FANCY a riddle? Ok, when is a Suzuki not a Suzuki ? Answer: When it's a Toyota.
Some explanation is clearly needed. The fizzy and buoyant Suzuki brand has the lower end of the market well covered with the Swift supermini, go-anywhere Ignis and two compact crossovers - the S-Cross and Vitara - but there's a vacuum further up the ladder.
So it got together with giant fellow Japanese maker, Toyota, to sort of rebadged and tinker with the RAV4, a pioneer in the SUV craze.
The disguise - a few Suzuki badges and a new, less aggressive front - will fool few of us.
Wisely, Suzuki has snubbed the pure petrol version in favour of electrification. Cleverly named the Across, it's a plug-in hybrid with a 46-mile electric only range and emissions of just 22g/km which result in commendably low company car tax.
All good news so far. Then you get to the price tag, which at £45,999 sets in direct competition to the likes of Discovery Sport, Mazda CX-5, Audi Q3 and Merc GLC.
Despite the Across's upright stance and brick-like aerodynamics plus four-wheel-drive, it's a seriously rapid bit of kit. For example it dispatches the 62mph benchmark sprint in six seconds, putting it on a par with the more nimble got hatches. An automatic CVT gearbox is standard complete with steering wheel paddles.
Power is derived from a 2.5-litre, four cylinder petrol engine. At the back, there's 40kW rear motor that works in conjunction with the front motor and allows variation in torque spread that benefits stability and handling over slippery surfaces.
Combined, it adds up to a mighty 302bhp, which is more than double that of a standard Vitara. There are four power settings that determine how much you wish involve battery use. Its E-Four four-wheel-drive system splits the power between front and rear axles depending on which end of the car most needs assisted adhesion.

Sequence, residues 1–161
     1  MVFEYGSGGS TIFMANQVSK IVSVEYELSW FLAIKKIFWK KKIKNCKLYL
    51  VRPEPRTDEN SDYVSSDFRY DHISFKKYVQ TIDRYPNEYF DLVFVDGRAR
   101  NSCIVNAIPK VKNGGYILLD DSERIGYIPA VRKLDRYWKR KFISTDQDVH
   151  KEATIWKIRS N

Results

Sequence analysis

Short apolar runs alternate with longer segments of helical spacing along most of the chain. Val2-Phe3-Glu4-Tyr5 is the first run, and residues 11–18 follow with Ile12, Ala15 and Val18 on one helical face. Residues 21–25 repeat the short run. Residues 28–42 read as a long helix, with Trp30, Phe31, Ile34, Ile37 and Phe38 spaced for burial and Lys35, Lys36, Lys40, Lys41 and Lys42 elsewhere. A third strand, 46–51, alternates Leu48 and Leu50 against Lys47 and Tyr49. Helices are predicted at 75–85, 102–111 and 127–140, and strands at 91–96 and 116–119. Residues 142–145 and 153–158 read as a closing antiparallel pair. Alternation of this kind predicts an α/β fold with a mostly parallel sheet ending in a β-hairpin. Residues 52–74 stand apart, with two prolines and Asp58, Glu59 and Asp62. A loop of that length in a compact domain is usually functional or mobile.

An automatic slip differential when in Trail Mode allows individual wheels to be braked when they lose grip and then redistribute the power.
Tipping the scales at almost two tons, the Across is no lightweight. Nevertheless it handles neatly with decent bump suppression and well controlled cornering roll.
You soon realise the major sum of investment has gone into the engineering rather than flashy cabin design. While the interior is smart and easy on the eye, it's a direct lift from its Toyota brother with a nine-inch infotainment screen and plenty of easy to use chunky buttons and switches. It's all logical, tough and works perfectly efficiently.
Bags of space in the front and rear for five people and luggage room at almost 500litres is a match for some rivals, although theRAV4 is roomier by 90 litres.
There's no shortage of equipment with heated seats, adaptive cruise control, leather seating and heated steering wheel being standard features.
The official fuel consumption is given as 282mpg, but park that somewhere you'll never find it. In reality most owners will easily attain the 40s or maybe 50-plus on a gentle run. Our average was 47mpg over mixed town and motorway driving.
2.5-litre, 4 cyl petrol engine plus electric motor, 302bhp combined driving 4 wheels via automatic gearbox